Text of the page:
Early decision is much like early action but with a higher level of commitment attached to it. This is because early decision applications are known as “binding”. If you are accepted to a college with an early decision application, you are committed to attending that school. You are also required to withdraw all other applications to other schools.

Applying under early decision is for students who have completed a substantial amount of research and have narrowed their college search to just one school. They are positive that that school is the one that will provide them with the education and opportunities they are looking for. However, even if a student is certain that only one school is right for them, it is highly recommended that they also apply to other schools, either under early action or regular decision.


It’s easy to see the gravity that early decision applications hold. The binding nature alone is enough to make a college admissions officer look through an application more than once. That kind of commitment so early in the college application process is a big deal.

Ultimately, early decision matters because of the weight it carries. This is why it is so important that you don’t use this option lightly. You could get stuck going to a school you weren’t that serious about in the first place or, even worse, you could be without a plan for what was supposed to be your first year of college because you didn’t put aback-up plan in place.

If you’re planning on going early decision, do your research beforehand. You can never be too sure, especially when you could potentially be committed to a school before seeing all of your options.

The Pros And Cons Of Early Action

It's widely known that at some colleges, applying early action or early decision can give students “an edge”. Colleges understand that this kind of commitment shows a high level of responsibility and seriousness, and this often makes a student’s application more appealing as a result.


  • Shows the college that you’re serious
  • Expresses interest while keeping your options open
  • Gives you time to consider other financial aid options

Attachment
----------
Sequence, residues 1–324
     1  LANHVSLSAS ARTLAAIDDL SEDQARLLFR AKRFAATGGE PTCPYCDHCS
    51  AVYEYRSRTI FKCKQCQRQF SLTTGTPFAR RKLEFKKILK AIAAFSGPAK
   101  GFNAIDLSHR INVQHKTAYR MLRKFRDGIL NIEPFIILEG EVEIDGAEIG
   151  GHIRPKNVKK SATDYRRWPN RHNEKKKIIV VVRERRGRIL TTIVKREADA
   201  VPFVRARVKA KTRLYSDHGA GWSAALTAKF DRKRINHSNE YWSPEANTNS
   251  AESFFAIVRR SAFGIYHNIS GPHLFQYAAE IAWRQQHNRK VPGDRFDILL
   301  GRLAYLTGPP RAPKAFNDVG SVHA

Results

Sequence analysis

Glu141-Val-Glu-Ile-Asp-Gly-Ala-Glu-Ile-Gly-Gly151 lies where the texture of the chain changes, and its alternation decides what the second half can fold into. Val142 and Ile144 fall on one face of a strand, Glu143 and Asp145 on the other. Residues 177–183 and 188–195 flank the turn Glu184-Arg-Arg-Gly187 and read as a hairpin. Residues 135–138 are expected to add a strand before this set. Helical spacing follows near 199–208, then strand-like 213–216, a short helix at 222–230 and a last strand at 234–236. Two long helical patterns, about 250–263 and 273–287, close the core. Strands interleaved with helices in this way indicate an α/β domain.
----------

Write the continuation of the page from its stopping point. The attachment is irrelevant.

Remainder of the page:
• Gives you a head start

If you apply early action, this means that your application will be in the first grouping that the admissions office receives, and this can increase your odds of being accepted, even just slightly. Colleges love early action applications because they know that the applicants genuinely want to be students there. Even though early action is not as binding as early decision, this type of application still shows the college that you’re serious about going there.

If you are accepted, you may have to accept the offer earlier than the usual “decision day” but you’ll still have kept your options open in case you get accepted to other schools.

Additionally, a huge benefit of choosing early action is the time it gives you. When your early action offers come in, you’ll be able to see which schools offered you more or less financial aid or scholarships.


  • The application has to be completed earlier
  • More pressure when it’s time to make a decision
  • Longer wait to hear back from other colleges

Early action applications are usually due between November 1st and 15th. This means you’ll be spending the majority of the beginning of your senior year finishing college applications. But, this also means that you’ll be done sooner. This could either be a pro or a con depending on how busy you are at the beginning of your school year, and how much you want to prioritize college applications.

Another drawback that comes with early action is the time crunch. Since you’ll be receiving your acceptance or rejection letter earlier than the regular timeframe, you may feel pressured to decide immediately. This is especially true if you applied for other schools under regular decision.

Fortunately, for early action you usually don’t have to make a final choice right away. If weighing all your options is important to you, you’ll have to wait until you receive all of your letters before you can begin comparing and contrasting.